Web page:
21. 21. Database Model Example
  22. 22. Designing a Database “Entity Relationship Model” Figure out everything you need to store  Anything you don’t plan to store will not be stored  Figure out what “data type” each one is  An integer?  A number?  A time?  Words? How many letters long? Figure out how it’s all related  Draw a little picture with lines
  23. 23. SQL = DB programming language  SQL = Structured Query Language
  24. 24. Database Engines RDBMS = Relational Database Management System The program that runs the database  Distinct from the program that runs the website MYSQL  Free, open source  Most common place to start SQL Server  Expensive, Microsoft-owned Many others  PostgreSQL, MongoDB
  25. 25. Introduction to APIs API = Application Programming Interface Integrate a 3rd party app with your app Generally, can use any programming language Generally, requires API support for features
  26. 26. Examples Facebook OpenGraph  Integrate Facebook Paypal eBay LinkedIn Twitter YouTube Google Search Google Maps
  27. 27. SDK SDK = Software development kit When you want to learn to program with any particular technology, you need to find the SDK E.g. Want to build a Facebook app?  Find the Facebook app SDK E.g. Want to use Google maps on your website?  Find the Google Maps SDK
  28. 28. Precautions Generally, APIs are generally poorly documented Generally, APIs will change without warning, breaking your code… very hard to debug Generally, programming on APIs takes a lot longer Generally, APIs make any project much more complicated
  29. 29. Introduction to Technology Stacks So many technologies!! Make some choices…  Source Control (SVN, Git, Mercurial)  Development Environment (Netbeans, Eclipse, Visual Studio)  Server OS (Linux, Windows, Cloud)  Server Physicality (Dedicated, shared, virtual, cloud)  HTTP Server (Apache, nginx, IIS, node.js)  Database Engine (MYSQL, SQL Server, MongoDB)  Database Access Layer (SQL, stored procedures, LINQ, etc.)  Server side framework (PHP, python, C#, Ruby on Rails)  Client side framework (javascript, jQuery)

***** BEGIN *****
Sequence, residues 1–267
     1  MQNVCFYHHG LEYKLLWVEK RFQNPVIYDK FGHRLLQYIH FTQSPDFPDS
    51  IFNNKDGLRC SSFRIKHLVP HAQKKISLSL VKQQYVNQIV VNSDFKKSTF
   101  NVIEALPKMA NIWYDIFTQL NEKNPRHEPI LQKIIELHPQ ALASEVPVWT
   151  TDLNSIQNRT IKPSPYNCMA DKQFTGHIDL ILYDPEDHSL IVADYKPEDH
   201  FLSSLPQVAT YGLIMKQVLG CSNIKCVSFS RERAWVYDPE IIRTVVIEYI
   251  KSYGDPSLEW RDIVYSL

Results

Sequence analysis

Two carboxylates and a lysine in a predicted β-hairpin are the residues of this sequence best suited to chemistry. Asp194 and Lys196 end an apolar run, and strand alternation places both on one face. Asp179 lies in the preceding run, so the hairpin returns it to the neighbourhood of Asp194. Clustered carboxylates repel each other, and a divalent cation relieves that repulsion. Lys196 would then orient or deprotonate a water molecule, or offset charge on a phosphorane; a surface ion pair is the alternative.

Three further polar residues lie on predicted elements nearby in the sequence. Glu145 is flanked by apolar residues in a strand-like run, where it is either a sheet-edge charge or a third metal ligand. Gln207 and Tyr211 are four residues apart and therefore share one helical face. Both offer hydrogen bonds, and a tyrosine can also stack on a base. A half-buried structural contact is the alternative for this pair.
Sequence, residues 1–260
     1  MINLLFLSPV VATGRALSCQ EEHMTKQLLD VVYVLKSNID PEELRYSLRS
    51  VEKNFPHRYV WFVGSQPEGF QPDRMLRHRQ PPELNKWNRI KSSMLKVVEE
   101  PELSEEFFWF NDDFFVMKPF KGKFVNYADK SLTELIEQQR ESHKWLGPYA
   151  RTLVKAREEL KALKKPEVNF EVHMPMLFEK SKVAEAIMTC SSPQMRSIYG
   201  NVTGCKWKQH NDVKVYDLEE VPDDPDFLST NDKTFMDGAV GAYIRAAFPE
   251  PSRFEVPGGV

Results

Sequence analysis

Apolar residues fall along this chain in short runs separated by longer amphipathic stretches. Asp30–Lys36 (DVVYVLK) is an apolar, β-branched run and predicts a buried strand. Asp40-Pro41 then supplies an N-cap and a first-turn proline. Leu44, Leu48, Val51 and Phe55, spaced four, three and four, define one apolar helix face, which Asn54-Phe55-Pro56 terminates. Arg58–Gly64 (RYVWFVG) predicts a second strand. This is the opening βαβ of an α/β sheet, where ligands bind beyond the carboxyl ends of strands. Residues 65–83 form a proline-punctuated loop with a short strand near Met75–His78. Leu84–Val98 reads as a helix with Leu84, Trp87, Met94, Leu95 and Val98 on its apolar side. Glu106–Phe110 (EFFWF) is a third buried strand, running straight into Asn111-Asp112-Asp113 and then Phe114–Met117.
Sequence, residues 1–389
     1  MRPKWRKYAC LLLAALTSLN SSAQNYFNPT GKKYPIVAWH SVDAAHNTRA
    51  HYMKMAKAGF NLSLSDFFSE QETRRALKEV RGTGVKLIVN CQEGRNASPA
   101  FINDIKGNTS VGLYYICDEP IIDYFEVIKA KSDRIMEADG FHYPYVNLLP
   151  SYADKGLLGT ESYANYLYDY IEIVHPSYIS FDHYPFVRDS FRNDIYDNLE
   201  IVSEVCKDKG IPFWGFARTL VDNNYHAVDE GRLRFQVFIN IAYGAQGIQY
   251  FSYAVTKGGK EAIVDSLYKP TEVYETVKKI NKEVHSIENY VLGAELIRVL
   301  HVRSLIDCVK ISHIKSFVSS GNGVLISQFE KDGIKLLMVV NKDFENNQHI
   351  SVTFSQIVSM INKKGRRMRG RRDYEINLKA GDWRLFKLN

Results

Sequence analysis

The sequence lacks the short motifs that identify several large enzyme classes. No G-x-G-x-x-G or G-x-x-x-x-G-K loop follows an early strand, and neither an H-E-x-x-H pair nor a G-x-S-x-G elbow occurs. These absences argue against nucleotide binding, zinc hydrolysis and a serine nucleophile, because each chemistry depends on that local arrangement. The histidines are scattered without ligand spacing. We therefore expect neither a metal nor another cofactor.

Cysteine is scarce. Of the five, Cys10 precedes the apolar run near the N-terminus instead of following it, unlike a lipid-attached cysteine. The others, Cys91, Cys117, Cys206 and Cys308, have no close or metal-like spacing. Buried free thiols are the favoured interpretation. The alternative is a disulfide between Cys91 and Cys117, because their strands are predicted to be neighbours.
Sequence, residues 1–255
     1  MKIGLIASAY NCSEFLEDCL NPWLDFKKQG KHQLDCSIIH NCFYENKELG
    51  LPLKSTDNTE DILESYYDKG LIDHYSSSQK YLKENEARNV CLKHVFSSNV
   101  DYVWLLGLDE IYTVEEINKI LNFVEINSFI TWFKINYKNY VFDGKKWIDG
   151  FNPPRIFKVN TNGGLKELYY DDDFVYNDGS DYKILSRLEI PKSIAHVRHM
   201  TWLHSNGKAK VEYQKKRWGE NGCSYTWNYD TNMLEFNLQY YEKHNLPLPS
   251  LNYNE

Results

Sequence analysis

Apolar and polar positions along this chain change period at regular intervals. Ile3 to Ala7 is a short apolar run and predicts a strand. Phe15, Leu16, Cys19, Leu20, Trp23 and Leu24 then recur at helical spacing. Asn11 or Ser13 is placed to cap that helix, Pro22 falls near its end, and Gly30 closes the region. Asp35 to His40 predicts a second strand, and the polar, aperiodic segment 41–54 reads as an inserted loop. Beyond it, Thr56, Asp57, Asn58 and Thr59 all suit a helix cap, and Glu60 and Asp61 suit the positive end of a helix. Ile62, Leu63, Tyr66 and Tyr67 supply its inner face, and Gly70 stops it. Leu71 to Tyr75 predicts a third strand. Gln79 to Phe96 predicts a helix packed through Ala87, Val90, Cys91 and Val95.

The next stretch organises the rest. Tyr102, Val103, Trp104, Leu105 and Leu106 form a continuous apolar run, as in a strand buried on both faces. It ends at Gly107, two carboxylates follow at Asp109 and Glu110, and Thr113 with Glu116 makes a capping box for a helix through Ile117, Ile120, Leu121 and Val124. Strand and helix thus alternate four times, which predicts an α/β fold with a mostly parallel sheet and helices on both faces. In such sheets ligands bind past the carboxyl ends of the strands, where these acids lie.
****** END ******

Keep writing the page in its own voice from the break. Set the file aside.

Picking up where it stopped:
30. 30. LAMP Linux Apache MySQL PHP  (sometimes perl or python) Free, open source tools Easy to start
  31. 31. WINS Windows IIS .NET SQL Server “Microsoft stack” Less popular among startups because of the cost More commonly used for enterprise level apps
  32. 32. Choosing a Technology Stack How well does it scale? (x 1...000)  This is a useless question… all technology stacks must be very significantly changed in order to scale How much does it cost? How easy will it be to get developers?  Most stacks are free  Microsoft stack costs $$$$$, but BizSpark program makes it free for the first 2 years Importance of the architect >> the stack  Find the best developer you can, and let them choose.  One caveat… keep it simple and don’t experiment
  33. 33. Final Project Presentations Present your startup to an investment firm  Target a 15 minute presentation  Pitch deck  Business plan  Demo (wireframes, mockups?)  How far you’ve gotten in your project (code, deployed?)  5-10 minutes of questions and discussions Alternative Final Project Presentation  15 minutes about a startup case study or research subject
  34. 34. Homework (Team) Keep Programming!  Build as many pages as you can.  Design the database model  Choose a backend framework and start putting it together (Team) Keep Going!!  Keep working on the pitch deck  Keep marketing your new startup  Occasionally review the market research data (Google Analytics, etc.)